John Marshall (Conservative politician)


John Leslie Marshall (born 19 August 1940) is a British Conservative politician.

Early career


Marshall was educated at Harris Academy in Dundee, Glasgow Academy and the University of St Andrews. He then became a university lecturer.[1][2] He attempted to enter Parliament a number of times before he was successful. In 1964 and 1966 he contested Dundee East, but was beaten by the Labour incumbent George Thomson, the first time as a Liberal National, and the second time in Conservative colours. He fought Lewisham East in the February 1974 general election, coming second to Labour's Roland Moyle.

Marshall served as a councillor in Aberdeen from 1968 until 1970 and then in Ealing from 1971 until 1986.[3]

He was MEP for London North from 1979 to 1989.

Parliamentary career


Marshall lost to Michael Portillo in the selection for the 1984 Enfield Southgate by-election, but was later selected for Hendon South in the London Borough of Barnet and was elected as the Member of Parliament for that seat at the 1987 general election. He served as PPS to Tony Newton, when Newton was Leader of the House of Commons.

After the 1992 general election, the Boundary Commission recommended that the four Barnet seats be reduced to three. Sir Sydney Chapman was retained as the candidate for the Chipping Barnet seat, the only one not being abolished, and John Gorst, the sitting MP for Hendon North, was selected to contest the new Hendon constituency. Marshall was therefore pitched together with Hartley Booth, the MP for Finchley, in trying to win the nomination for the new seat of Finchley and Golders Green. Both MPs put a great deal of effort into the fight, hiring minibuses to ensure all their supporters got to the selection meeting; the contest became bitter when Booth accused Marshall of "signing up the dead and the dying" as Conservative members in order to boost his chances of victory.[4]

The new Finchley seat, with similar boundaries to the old Finchley seat, was projected to be held for the Conservatives, albeit by a small majority; when Margaret Thatcher held the seat she normally had majorities of nearly 10,000. Despite most of the new constituency coming from Booth's old seat, Marshall won the selection contest on 1 November 1995, but went on to lose the contest for the seat to the Labour Party candidate Rudi Vis at the 1997 general election, in which the Conservatives experienced their worst electoral defeat in 91 years.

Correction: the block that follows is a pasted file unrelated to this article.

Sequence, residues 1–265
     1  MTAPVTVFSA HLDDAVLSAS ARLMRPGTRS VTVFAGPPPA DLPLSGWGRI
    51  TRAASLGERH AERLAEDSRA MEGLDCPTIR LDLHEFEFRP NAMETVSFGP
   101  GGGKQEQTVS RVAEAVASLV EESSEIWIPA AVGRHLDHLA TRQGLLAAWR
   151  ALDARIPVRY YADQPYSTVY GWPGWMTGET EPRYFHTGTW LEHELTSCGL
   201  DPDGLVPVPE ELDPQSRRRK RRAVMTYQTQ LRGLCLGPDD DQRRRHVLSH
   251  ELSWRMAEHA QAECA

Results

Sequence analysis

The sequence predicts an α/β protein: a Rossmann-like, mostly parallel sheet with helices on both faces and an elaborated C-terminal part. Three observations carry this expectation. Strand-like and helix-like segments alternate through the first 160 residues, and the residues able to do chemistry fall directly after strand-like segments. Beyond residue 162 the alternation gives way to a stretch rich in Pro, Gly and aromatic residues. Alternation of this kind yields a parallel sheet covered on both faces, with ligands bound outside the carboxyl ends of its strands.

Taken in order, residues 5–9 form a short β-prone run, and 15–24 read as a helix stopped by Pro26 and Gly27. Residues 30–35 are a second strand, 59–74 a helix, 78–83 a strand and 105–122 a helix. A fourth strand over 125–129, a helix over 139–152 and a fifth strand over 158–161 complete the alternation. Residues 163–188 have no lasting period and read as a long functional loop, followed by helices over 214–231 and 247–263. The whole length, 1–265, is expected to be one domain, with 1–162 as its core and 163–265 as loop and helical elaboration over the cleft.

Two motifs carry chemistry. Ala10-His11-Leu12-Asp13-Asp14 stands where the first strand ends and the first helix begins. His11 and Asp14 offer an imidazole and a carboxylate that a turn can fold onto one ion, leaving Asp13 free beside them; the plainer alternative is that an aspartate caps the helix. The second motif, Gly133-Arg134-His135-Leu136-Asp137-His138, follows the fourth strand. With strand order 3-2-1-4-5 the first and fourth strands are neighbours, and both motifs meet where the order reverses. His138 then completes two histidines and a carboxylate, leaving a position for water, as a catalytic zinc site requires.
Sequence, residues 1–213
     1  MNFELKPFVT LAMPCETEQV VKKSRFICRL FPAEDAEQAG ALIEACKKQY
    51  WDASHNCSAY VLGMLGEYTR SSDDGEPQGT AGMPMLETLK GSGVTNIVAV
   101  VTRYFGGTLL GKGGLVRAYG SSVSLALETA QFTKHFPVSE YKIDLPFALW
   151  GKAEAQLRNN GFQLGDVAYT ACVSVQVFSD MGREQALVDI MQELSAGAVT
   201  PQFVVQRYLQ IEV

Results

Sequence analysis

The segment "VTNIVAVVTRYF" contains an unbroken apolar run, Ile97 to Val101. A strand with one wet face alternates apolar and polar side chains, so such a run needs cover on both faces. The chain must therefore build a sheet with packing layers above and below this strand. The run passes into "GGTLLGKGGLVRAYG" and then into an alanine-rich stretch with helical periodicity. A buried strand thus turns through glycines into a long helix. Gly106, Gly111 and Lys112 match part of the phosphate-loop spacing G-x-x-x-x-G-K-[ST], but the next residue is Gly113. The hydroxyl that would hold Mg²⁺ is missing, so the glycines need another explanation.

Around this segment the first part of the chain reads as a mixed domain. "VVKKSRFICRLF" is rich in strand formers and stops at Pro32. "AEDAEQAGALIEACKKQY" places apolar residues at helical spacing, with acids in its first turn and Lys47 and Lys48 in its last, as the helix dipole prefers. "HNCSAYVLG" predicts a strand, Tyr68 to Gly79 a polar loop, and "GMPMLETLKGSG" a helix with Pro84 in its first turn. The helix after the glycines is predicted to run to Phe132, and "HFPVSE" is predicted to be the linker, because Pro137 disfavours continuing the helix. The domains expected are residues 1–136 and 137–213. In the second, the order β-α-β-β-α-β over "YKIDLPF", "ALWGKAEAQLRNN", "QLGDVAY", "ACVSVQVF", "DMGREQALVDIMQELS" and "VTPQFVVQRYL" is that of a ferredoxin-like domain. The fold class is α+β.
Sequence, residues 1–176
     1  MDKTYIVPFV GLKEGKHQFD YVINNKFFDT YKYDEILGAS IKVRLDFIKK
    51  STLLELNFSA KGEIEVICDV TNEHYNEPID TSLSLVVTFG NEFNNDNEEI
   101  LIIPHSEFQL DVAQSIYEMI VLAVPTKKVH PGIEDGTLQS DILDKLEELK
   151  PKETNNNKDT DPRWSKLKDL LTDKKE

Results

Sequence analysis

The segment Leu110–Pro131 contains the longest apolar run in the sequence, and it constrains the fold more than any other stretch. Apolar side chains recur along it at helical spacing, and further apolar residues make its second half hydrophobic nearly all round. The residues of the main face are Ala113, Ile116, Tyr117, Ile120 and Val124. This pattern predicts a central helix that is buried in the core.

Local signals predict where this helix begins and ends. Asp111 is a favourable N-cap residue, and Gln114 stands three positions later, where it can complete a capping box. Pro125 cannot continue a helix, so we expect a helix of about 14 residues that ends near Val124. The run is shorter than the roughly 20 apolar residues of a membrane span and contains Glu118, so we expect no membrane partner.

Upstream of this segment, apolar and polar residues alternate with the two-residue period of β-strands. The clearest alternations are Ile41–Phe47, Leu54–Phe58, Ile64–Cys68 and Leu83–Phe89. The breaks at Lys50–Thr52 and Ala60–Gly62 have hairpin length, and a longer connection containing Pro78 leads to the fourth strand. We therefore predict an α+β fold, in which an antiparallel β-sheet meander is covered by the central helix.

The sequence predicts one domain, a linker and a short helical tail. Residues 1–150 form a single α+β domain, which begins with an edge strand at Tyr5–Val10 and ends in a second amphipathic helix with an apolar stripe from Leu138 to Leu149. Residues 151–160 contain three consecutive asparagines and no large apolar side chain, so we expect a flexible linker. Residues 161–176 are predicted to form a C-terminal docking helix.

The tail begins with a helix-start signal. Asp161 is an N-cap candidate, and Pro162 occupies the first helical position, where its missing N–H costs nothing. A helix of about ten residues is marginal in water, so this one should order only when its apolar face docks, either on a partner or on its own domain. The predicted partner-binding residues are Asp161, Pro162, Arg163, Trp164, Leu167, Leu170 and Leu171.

Notable losses included Portillo, who Marshall had lost to in the Conservative selection for the Enfield Southgate by-election thirteen years earlier, along with several cabinet ministers.

After Parliament


In May 1998, Marshall was elected to Barnet London Borough Council for Garden Suburb ward (based on Hampstead Garden Suburb) in his old constituency. He unsuccessfully sought to regain his Finchley and Golders Green seat at the 2001 general election, but Labour's Rudi Vis beat him by 3,716 votes. This was despite Baroness Thatcher herself coming to campaign for him in Golders Green.[5]

Following the Conservative victory in local elections in 2002, he served in the Cabinet. Among other roles, Marshall served as Cabinet Member for Investment in Learning, responsible for implementing the Primary Schools rebuilding programme (known as PSCIP), and the Libraries Strategy, which modernised library provision across the Borough. He was an unsuccessful candidate for the leadership of the Conservative group in 2005.

Marshall was Mayor of the London Borough of Barnet in the municipal year 2008–2009. He did not stand at the 2010 elections.

References


  1. Who's Who 1987, page 1168
  2. The Times Guide to the House of Commons April 1992. London: Times Books. 1992. p. 134. ISBN 0-7230-0497-8.
  3. The Times Guide to the House of Commons June 1987. London: Times Books Ltd. 1987. p. 134. ISBN 0-7230-0298-3.
  4. Guardian Diary, 20 October 1995
  5. "UK Thatcher - AP Archive". www.aparchive.com. Retrieved 13 November 2020.
  • Times Guide to the House of Commons 1997, ed. by Tim Austin